Gomanchala is one of the historical names for the state of Goa in western India where the popular curry known as a Vindaloo has its roots. Today’s experiment is not exactly a Vindaloo (and I will be looking at the traditional dish in a future post sometime), but it does share some basic features with the traditional preparations. Accordingly, I have decided to call this creation a ‘Gomanchala Curry’ in salute to the common origin…
- 1 ½ lbs. Pork cut into bite size cubes;
- 2 tbsp. Garlic puree;
- ½ tsp. each of Salt and Pepper;
- 1 tbsp. Cayenne;
- 1 tbsp. Maple Syrup;
- 4 tbsp. Vinegar;
- 1 tbsp. each Coriander and Mustard seed;
- 1 tsp. Fenugreek seed;
- 1 Cinnamon stick;
- 4 cloves;
- ½ tsp. Cardamom seeds;
- 4 tbsp. Butter;
- 3 cups coarsely chopped Onion;
- 3 -4 fresh green Chilies, thinly sliced into rings;
- 1 ½ cups thick tomato sauce.
**Note: The maple syrup may seem like an odd ingredient here but Goan cookery makes frequent use of palm sugar and the syrup gives a good approximation of the flavor. As for the chili, you may wish to increase or decrease the amount called for depending on the heat of your chilies and your own tolerance.
Rub the salt, pepper and Cayenne pepper into the meat cubes and then stir in the garlic puree, the maple syrup and the vinegar. Set aside to marinate for an hour or two or even overnight.
Heat 2 tablespoons of the butter in a pot over moderate heat and then brown the pork cubes in batches. Remove the meat to a bowl as it becomes done and set aside for the time being.
Dry roast the mustard, fenugreek and coriander seeds in a small pan and the grind to a powder. Now, heat the remaining butter in your pot and stir in the powdered spices. Add the cinnamon stick, cloves and cardamom seed and stir until the fragrance is released.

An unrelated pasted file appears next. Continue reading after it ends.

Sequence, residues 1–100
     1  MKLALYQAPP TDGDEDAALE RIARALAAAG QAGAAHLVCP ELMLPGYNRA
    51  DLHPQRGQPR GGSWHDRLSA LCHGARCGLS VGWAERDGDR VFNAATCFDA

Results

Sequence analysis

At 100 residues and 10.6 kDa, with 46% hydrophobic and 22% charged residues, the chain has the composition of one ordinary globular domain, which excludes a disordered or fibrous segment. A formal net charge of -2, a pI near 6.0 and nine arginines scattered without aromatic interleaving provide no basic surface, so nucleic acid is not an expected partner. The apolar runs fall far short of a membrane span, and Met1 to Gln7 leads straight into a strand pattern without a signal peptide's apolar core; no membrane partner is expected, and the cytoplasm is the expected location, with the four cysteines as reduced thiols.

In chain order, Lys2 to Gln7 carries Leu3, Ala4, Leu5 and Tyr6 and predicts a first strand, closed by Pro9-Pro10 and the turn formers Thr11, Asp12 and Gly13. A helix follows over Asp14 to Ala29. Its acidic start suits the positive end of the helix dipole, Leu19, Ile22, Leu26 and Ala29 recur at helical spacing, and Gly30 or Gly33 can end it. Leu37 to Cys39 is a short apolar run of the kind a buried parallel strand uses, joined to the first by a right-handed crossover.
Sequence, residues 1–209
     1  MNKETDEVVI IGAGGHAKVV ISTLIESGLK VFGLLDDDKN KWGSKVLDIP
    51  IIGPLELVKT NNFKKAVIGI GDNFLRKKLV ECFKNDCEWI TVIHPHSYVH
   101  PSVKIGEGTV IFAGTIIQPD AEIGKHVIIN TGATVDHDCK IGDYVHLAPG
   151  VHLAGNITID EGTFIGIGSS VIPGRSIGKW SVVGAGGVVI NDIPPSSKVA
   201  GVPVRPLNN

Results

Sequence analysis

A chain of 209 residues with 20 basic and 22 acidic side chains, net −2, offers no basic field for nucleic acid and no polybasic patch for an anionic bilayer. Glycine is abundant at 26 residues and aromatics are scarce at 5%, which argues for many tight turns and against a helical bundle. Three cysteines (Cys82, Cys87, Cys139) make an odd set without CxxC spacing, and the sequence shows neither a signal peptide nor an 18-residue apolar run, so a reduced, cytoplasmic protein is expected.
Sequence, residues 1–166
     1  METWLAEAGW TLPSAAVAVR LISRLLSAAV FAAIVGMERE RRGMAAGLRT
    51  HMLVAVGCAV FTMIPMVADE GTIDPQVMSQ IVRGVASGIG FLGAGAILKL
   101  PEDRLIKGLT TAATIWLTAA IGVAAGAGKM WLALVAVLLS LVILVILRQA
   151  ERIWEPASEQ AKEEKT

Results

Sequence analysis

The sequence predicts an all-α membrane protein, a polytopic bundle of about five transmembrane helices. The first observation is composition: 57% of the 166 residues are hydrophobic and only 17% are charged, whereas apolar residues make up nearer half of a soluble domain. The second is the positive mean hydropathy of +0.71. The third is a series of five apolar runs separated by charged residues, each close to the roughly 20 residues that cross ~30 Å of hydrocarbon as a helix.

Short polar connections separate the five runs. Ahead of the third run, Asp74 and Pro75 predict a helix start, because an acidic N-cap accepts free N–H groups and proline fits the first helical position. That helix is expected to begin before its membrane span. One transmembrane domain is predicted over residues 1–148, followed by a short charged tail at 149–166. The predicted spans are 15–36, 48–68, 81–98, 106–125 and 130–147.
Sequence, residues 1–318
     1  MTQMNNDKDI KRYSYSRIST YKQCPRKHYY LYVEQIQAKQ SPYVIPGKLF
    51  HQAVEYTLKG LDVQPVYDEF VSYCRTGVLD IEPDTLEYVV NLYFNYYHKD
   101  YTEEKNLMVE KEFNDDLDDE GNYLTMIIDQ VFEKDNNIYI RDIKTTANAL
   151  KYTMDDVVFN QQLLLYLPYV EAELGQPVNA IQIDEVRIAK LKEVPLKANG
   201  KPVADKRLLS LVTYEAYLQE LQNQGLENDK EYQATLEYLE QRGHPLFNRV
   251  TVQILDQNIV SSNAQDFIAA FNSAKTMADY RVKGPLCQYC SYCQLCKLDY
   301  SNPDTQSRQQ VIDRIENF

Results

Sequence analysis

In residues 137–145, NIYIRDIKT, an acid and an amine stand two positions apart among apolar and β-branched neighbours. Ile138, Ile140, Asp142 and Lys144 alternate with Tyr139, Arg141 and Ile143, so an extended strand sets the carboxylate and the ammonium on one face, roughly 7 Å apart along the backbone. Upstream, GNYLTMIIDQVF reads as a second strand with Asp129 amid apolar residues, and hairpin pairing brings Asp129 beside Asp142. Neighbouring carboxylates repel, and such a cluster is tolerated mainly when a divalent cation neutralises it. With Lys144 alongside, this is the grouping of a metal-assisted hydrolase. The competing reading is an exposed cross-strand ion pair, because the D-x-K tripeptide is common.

Add the onions and then turn down the heat to low. Cover the pot and continue to cook for 20 – 30 minutes until the onions are soft and beginning to get nicely browned.
Finally, turn up the heat and add back the meat, the fresh chili and the tomato sauce. As soon as it comes to a low boil, turn the heat back down and simmer over low heat for about an hour until the meat is nicely tender. At this point, you can eat the curry right away but, if you can wait, it will be much better if you cool it and let it sit overnight in the fridge so that the flavors develop. Simply reheat slowly when you are ready to serve.
Well… my wife and I couldn’t wait until the following morning although I did let the curry cool for an hour or two before reheating it for supper. I have to say that the flavor of this particular effort was superb and I think it was the cardamom that really made it shine. Any more of this particular ingredient and it might have lacked subtlety but, any less and I think it would not have been nearly as delicious. The spice blend here would work very nicely with beef, quite probably with lamb, and even, I believe, shrimp. In any event, the next time I make this (and I will), it will be as the centerpiece for a much more elaborate meal…